Conceived with the idea of using technology to minimize physical contact with hosts or their surrogates, D. Alexander units are ideal for those seeking isolation, said Alex Allison, a founder and the chief executive of the company. Guests are given unique mobile entry codes and high-speed internet access and don’t have to interact with a soul.
In forecasting the future of travel, Mr. Allison said he saw an increasing demand for destinations where people could work comfortably for long periods, and that was before Covid-19. “We are now focused on solving the needs of people impacted by the virus,” he said.
Internationally, the idea of a rented sanctuary is taken to the pinnacle of luxury with Le Bijou, a group of 42 apartments in nine locations in Switzerland. Started in 2013 to provide “hotel service without the hotel guests,” according to the website, the company is offering “quarantine apartments” in Zurich that average $500 a night — half the usual cost — and may include a kitchenette, fireplace, exercise room or office. Private chefs deliver food to the door for an extra fee; you can also get in-room coronavirus testing from a private health clinic. The most hard-core health service, involving a team providing round-the-clock care, is $5,000 a day, said Alexander Hübner, who founded Le Bijou with his wife, Madeleine Hübner.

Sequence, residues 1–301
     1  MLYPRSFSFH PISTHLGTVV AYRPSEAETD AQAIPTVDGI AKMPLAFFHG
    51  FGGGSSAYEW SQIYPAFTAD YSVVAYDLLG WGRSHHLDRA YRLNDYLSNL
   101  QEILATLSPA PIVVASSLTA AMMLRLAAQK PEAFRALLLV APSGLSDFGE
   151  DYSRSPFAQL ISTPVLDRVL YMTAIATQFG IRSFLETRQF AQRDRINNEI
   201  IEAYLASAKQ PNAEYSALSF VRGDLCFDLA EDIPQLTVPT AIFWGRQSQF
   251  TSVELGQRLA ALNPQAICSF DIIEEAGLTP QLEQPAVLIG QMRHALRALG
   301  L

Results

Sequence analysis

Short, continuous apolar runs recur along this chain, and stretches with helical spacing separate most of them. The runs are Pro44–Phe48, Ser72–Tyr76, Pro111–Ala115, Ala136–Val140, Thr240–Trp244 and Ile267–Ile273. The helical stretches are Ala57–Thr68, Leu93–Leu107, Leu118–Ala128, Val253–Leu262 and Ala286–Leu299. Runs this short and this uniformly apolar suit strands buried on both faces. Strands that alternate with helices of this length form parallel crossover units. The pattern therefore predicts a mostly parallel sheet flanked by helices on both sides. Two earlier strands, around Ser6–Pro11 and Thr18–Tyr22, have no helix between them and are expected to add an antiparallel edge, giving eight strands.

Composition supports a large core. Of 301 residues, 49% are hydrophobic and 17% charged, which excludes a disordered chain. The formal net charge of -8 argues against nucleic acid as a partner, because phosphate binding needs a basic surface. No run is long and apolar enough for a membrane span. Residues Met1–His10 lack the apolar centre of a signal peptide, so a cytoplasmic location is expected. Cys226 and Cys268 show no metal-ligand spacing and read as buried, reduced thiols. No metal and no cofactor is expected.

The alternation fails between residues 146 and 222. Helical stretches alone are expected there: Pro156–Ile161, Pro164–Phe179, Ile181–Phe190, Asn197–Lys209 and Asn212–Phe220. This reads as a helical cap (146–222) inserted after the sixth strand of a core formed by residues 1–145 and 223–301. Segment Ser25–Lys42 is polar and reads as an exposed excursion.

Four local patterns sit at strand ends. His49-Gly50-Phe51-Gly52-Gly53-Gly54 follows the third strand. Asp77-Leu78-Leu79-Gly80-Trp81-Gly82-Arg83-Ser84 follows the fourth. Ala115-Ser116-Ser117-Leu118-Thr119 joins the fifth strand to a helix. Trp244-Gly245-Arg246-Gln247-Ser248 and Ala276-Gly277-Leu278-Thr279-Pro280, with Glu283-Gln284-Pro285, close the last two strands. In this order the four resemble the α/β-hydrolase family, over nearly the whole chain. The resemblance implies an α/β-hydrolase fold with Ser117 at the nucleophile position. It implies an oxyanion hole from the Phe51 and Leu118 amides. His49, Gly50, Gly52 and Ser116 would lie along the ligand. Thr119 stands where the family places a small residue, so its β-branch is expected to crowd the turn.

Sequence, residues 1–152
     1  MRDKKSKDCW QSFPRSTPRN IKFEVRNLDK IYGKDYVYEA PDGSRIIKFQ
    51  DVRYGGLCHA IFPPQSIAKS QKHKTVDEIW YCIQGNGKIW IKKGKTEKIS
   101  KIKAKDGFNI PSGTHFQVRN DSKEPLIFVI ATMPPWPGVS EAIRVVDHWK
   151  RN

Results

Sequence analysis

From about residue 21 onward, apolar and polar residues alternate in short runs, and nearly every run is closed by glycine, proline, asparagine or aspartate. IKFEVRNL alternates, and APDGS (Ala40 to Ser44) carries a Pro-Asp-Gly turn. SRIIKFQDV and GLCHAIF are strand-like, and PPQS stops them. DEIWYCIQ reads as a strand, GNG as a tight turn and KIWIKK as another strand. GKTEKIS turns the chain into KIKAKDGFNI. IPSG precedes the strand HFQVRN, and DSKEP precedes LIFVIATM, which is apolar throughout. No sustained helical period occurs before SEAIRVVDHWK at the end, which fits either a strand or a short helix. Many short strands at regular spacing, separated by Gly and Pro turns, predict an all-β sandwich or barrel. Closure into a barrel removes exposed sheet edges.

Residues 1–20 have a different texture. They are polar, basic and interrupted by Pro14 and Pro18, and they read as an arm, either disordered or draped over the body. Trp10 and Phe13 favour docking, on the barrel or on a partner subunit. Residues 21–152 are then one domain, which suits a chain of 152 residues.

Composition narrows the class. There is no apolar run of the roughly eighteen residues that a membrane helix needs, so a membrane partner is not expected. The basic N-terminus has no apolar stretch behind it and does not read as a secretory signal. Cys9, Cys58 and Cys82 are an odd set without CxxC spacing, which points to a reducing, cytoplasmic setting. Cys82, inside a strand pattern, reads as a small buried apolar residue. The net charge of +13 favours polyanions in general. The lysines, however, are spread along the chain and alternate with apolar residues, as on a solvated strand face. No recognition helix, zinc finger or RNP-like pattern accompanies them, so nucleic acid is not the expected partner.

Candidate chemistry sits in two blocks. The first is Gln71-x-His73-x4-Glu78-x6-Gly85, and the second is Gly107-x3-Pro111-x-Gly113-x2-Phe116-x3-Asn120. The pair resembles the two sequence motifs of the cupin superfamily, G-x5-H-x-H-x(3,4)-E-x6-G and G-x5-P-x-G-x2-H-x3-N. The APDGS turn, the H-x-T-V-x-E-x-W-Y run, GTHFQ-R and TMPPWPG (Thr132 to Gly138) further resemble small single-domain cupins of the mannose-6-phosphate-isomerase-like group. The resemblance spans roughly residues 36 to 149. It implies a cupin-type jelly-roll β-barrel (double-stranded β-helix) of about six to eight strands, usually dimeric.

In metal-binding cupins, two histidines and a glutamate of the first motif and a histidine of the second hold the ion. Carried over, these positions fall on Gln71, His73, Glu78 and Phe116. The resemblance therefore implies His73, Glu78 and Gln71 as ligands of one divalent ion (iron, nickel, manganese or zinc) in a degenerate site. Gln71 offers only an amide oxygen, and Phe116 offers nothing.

“In the end, we’re just a medium-size business” that was severely hobbled by the virus, Mr. Hübner said, adding that while the Swiss government is offering low-interest loans to help businesses, they do not apply to the cleaning company he employs. “From my point of view, it is the duty for every entrepreneur to have a plan B.”
He is also donating rooms to health care workers who need a break, which he pays for out of his own pocket, he said. Those who take him up on the offer usually stay for two days.